Sunday, August 16, 2009

Washington DC Schools IV: University of the District of Columbia

To close out my four-part series on universities in the nation's capital, I offer a brief posting on the University of the District of Columbia (UDC). Of the other schools I've presented, Georgetown is clearly nationally elite, whereas George Washington and American U. are prominent at the regional level, if not also nationally. UDC, on the other hand, is a local commuter school, albeit one with an elaborate history that intersects with our nation's history in civil rights.

In all honesty, I had not originally planned to visit UDC and photograph it. Rather, my purpose for taking the subway up Connecticut Avenue NW was to visit the Politics and Prose bookstore, which is frequently featured on C-SPAN's Book TV when prominent political journalists come to do book talks and signings. One can get to Politics and Prose by taking the Red Line to the Van Ness-UDC station and then walking about a mile northward on Connecticut Ave., which is what I did. As the name of the station implies, UDC is right there, so it was no problem to snap a picture. Anyway, with all this having been said, here's the UDC...

Friday, August 14, 2009

Washington DC Schools III: American University

Situated in upper Northwest Washington, DC (the Spring Valley neighborhood, to be exact) is American University. Unlike the more bustling neighborhoods adjoining the Georgetown and George Washington University campuses, the area surrounding AU is much more residential. And it's very exclusive, too, serving as the home to numerous political and media luminaries, as well as embassy personnel from around the world. On my way to AU, in fact, I walked by the Swedish Ambassador's residence.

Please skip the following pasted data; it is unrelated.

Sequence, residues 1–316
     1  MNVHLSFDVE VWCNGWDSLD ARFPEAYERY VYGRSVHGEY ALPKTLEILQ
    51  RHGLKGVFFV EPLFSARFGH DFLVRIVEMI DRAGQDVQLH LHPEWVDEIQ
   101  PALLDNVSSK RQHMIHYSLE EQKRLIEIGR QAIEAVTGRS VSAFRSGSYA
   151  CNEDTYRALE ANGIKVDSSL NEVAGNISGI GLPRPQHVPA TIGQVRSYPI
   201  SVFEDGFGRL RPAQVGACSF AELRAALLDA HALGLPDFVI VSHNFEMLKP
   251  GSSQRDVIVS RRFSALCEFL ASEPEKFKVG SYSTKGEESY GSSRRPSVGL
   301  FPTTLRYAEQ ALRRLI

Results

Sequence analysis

Not surprisingly (and as with Georgetown and GWU, as well), the study of government and politics is big at American University. Here is the banner-festooned AU School of Public Affairs.

AU's Katzen Arts Center, with its funky sailboat display, also caught my eye. It turns out that the Katzen is one of AU's newest facilities.

Thursday, August 06, 2009

Washington DC Schools II: George Washington

As the Media and Public Affairs webpage from George Washington University puts it, the campus is "[l]ocated in the middle of political Washington." That's absolutely correct, as the White House is just a few blocks from GWU, with the U.S. Capitol another dozen blocks (roughly) further down Pennsylvania Ave.

The Washington Monument and various government buildings (shown below in a photo I took from my hotel room) are also near GWU.

The university proudly announces its presence with statues and signage...

GWU blends in well with its urban setting, reminding me somewhat of Boston University.

George Washington also, however, has some green space...

Monday, August 03, 2009

Washington DC Schools I: Georgetown University

I've just gotten back from Washington DC, where I attended the annual Society for American Baseball Research (SABR) conference. I took some time last Friday afternoon to visit and photograph four universities in the District, all via subway, bus, and walking (including a non-stop walk from American University to Georgetown). Luckily, an afternoon rainstorm cooled things down and then dissipated, making it fairly pleasant to get around.

Let's start our series on the DC campuses with Georgetown University. Not only is Georgetown an academically elite institution (with alumni including Bill Clinton, at the undergradute level), but the surrounding neighborhood is also extremely famous. Below are a couple shots of the campus (from the 37th St. side), which my fiancee Sylvia tells me features Gothic architectural style.

Also visually interesting is the adjacent residential neighborhood, featuring an array of pastel-colored townhouses. Somewhat reminiscent of San Francisco (although with much less severe incline), one must go down a hill to get to the "main drag" commercial area.

The hub of the commercial district is the intersection of M Street and Wisconsin Avenue, NW (under L'Enfant's design for DC's street system, letter-based streets go east-west, numbered streets go north-south, and streets named after states run diagonally). Most of the stores and restaurants in Georgetown -- which appear to cater primarily to an upscale clientele -- run along M Street. That includes an Uno's pizza, at which I dined.

Nearby, running roughly parallel to M Street is the Potomac River, on the other side of which are a number of glitzy buildings in the Virginia suburbs. Washington's excellent Metro subway system does not run in Georgetown, but one can catch buses on M Street going to the subway.